This week’s news from Google was the most exciting thing I’ve heard from the company in years. After languishing with social and its utter failures with both Google Wave and Google Buzz, the company is putting an intriguing product to market: a social network.
For years, people across the tech industry have beat the same drum, almost taunting Google about the strategic value social could bring to the company if only they had the right answer to Facebook. And now as it seems that Google might just have the firepower to take on their Palo Alto rivals, we all want to know: will it work?
The broadcast social network
Facebook’s strongest asset, in my opinion, is the social graph. And Facebook’s biggest challenge is the social graph. And Facebook is aware of it. Users around the world are massively friending each other on Facebook, thus, spamming their social graph and making it weaker and more diluted.
Look at a typical Facebook user — a college student. On his friends list he has his dorm mates, his high school friends, his mother, his girlfriend and old teachers. He likely doesn’t want to share the same updates, photos and videos with each group of people (say, for example, his silver-medal performance in the Beer Olympics). So he is either forced to block certain people from seeing his updates (sorry, mom!) or censor himself by not posting at all. While that might be wise for our young collegian, it’s not good business for Facebook.
Facebook tried to solve for this problem by pushing Facebook Groups, which was designed to allow for sharing among smaller groups of friends, but it just didn’t catch on with users. Why not? Facebook has built its brand, from the ground up, as a one-to-many social network. Facebook has features for sharing among smaller groups of people, but the status update is by far the most popular and most commonly used way to share. It has always been about broadcasting to the world, much the same as Twitter.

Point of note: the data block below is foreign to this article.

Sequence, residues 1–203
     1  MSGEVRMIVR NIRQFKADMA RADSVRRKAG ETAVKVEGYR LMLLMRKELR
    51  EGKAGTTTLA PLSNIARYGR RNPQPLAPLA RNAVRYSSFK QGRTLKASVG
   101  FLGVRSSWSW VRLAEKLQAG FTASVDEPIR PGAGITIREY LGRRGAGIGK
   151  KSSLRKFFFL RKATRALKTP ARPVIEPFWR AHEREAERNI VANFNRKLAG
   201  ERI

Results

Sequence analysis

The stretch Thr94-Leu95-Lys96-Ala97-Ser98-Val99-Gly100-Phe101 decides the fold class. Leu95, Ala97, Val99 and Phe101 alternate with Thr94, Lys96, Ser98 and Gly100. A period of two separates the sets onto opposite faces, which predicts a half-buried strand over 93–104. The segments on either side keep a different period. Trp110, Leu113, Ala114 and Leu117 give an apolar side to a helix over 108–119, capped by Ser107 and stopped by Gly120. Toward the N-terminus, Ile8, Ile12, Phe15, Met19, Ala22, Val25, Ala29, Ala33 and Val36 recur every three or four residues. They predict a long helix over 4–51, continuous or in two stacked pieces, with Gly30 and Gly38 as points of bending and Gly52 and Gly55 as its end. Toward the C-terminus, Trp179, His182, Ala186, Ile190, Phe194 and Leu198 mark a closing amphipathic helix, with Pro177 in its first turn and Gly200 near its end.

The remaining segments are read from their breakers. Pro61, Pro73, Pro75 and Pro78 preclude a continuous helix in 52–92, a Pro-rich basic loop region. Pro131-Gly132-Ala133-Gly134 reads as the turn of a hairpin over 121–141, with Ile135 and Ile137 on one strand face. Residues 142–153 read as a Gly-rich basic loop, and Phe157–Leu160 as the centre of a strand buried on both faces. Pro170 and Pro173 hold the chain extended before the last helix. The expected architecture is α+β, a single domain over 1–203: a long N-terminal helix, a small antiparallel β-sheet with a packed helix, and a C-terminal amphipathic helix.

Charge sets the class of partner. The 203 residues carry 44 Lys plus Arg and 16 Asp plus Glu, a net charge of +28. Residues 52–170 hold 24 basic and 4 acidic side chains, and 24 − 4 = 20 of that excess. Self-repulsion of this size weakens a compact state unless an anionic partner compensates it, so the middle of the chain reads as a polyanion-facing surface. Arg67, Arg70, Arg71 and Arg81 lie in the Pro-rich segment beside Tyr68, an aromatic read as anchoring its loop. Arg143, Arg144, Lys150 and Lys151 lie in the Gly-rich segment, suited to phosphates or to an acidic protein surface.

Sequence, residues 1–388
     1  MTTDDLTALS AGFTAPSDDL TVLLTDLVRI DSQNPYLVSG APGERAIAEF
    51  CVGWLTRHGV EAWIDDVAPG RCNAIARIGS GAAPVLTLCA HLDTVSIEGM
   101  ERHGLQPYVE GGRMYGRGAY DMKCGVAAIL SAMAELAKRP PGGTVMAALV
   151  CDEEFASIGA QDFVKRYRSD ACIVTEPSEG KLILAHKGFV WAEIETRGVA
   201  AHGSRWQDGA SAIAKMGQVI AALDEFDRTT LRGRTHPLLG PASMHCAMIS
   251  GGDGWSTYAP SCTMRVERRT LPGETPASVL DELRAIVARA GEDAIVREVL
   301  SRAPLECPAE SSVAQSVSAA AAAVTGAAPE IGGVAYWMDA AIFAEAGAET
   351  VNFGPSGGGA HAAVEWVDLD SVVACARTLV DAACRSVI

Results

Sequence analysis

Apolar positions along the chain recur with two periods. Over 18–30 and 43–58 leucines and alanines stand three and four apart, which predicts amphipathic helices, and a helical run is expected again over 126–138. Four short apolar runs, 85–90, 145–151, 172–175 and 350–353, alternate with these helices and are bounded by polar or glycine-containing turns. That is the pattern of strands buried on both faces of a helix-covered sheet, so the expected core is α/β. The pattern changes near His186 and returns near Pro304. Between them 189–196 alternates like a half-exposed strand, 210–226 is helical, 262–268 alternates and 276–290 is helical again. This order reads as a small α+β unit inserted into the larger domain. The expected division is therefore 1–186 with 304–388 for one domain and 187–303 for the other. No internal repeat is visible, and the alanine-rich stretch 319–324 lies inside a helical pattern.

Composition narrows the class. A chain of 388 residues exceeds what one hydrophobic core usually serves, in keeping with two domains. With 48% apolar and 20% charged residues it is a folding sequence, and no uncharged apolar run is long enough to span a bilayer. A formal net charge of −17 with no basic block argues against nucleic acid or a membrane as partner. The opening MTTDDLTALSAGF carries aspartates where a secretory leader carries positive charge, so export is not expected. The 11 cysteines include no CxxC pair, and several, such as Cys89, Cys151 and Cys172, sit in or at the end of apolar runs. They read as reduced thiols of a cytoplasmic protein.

Many large, successful companies, including Facebook, refuse to accept that it is very hard to change your brand position in users’ minds. Just as users don’t see Facebook as a place to find jobs, it will be very hard, if not impossible, to expect users to see Facebook as the place for them to create circles of connections.
Keep it to your inner circle
The need for Google+ is obvious. Just as with real-life interactions, sometimes we don’t want to broadcast to the world. Sometimes we want to show different personas to different groups of people. Google, in a shrewd move, is finally addressing a need that Facebook has been unable to fulfill. It is building its social brand — from the ground up — as a social network that allows users to place barriers between their friendship groups, so users can feel more comfortable sharing with those groups.
I think that when the Google brains sat down in a conference room to have their kick-off meeting for the new social strategy, the first question they asked was: What’s Facebook’s weakest point? Google is focusing its social network around the concept of “circles” since it wants to position its network as a more organized one-to-many social network from the get go. Users will still need to drag and drop friends into groups, but here they might actually be willing to do so.
Taking it one step further, I think an even more innovative approach to group social networking will ultimately emerge. Companies like Katango, which applies algorithms that add structure to social data, will eliminate nearly all of the friction associated with manually dropping friends into groups.
Clearly Google has a long way ahead of it. A good product and massive reach are not enough to overcome Facebook’s dominant position. Google is solving for the persistant problems in the social graph and I do think it’s on to something by challenging Facebook’s shotgun approach to social networking. Where Google’s two previous social endeavors failed, the third time might just be the charm.